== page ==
The Pediatric infectious disease journal 2016 11 22()
Measles and congenital rubella syndrome remain significant causes of morbidity and mortality despite available vaccines. HIV-infected youth may be at increased risk of measles because of greater waning immunity following vaccination. At a population level, they constitute a potentially large pool of susceptibles to measles and rubella. More data among HIV-infected youth in sub-Saharan Africa are needed to guide vaccination policy and control strategies.
This cross-sectional study was nested within two ongoing studies of malaria and HIV in Zambia. Dried blood spot cards from youth (5-15 years) in these studies from 2009-2013 were tested for IgG antibodies to measles and rubella viruses. HIV-uninfected youth, HIV-infected treatment-naïve youth, and HIV-infected youth receiving antiretroviral therapy (ART) were compared.
617 HIV-uninfected, 144 HIV-infected treatment-naïve, and 128 HIV-infected youth receiving ART were included in the study. The proportion seropositive for measles virus was significantly higher among HIV-uninfected youth (92.5%) compared to HIV-infected treatment-naïve youth (74.1%) and HIV-infected youth receiving ART (71.9%). No differences by age were observed. The proportion seropositive for rubella virus was significantly higher among HIV-uninfected youth (54.7%) compared with HIV-infected treatment-naïve youth (41.7%) and HIV-infected youth receiving ART (49.6%), with increases observed by age for all groups.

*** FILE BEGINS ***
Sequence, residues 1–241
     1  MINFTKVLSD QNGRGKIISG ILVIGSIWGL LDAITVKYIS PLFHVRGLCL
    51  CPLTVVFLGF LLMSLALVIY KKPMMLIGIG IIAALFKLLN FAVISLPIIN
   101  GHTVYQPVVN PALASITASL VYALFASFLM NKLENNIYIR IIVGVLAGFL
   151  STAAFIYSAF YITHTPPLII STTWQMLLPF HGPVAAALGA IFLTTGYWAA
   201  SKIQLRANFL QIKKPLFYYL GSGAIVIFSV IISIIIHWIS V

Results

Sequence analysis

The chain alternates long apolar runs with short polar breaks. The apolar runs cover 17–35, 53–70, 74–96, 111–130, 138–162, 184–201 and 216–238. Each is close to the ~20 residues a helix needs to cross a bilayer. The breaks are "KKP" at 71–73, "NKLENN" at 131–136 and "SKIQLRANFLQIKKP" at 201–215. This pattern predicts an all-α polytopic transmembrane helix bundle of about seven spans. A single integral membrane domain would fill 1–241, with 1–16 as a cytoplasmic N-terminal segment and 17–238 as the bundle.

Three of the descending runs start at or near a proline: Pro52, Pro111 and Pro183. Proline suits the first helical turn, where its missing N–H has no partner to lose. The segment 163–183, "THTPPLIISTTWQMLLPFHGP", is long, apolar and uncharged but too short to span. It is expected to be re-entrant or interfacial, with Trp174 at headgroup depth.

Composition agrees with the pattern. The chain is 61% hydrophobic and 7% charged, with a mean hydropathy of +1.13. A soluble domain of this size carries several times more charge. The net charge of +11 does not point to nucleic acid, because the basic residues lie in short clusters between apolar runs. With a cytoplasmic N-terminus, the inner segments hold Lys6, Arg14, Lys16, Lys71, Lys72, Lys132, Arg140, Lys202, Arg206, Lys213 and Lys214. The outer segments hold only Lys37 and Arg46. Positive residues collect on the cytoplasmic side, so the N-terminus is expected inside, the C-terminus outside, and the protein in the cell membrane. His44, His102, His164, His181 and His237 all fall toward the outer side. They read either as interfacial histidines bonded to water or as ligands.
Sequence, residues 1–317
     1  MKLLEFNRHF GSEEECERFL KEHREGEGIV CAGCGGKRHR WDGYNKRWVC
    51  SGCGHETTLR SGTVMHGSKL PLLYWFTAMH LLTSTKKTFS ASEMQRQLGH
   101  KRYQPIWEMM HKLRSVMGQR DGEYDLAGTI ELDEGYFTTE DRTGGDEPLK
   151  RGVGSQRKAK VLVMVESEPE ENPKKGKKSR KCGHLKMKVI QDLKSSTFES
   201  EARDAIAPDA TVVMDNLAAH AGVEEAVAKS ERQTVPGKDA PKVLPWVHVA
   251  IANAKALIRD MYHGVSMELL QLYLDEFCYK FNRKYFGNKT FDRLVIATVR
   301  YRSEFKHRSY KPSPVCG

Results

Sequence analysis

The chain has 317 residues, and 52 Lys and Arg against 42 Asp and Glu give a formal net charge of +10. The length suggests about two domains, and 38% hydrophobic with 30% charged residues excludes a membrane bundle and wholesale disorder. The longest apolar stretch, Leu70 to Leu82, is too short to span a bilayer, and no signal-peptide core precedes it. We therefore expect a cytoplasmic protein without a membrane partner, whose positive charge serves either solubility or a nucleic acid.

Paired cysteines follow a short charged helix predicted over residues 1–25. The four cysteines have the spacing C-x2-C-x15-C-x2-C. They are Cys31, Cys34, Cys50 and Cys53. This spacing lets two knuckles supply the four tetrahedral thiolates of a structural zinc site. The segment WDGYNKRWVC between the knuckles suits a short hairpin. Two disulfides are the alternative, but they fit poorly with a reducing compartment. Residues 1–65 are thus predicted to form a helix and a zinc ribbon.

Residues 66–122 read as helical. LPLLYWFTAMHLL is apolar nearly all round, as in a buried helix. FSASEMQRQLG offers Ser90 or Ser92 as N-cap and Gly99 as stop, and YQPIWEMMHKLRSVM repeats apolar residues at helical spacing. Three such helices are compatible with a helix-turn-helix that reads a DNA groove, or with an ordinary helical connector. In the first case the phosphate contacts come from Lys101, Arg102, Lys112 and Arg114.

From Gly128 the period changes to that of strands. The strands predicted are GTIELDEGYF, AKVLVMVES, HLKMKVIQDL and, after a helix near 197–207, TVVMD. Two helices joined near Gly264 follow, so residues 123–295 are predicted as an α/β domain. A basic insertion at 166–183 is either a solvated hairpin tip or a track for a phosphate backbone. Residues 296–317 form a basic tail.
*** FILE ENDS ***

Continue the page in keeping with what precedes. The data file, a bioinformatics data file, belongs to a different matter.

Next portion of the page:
Measles seroprevalence was lower among HIV-infected than uninfected youth, consistent with waning immunity following measles vaccination. HIV-infected youth would likely benefit from revaccination. Half of all youth in rural Zambia were susceptible to rubella and may need targeting for catch-up rubella campaigns when measles-rubella vaccine is introduced.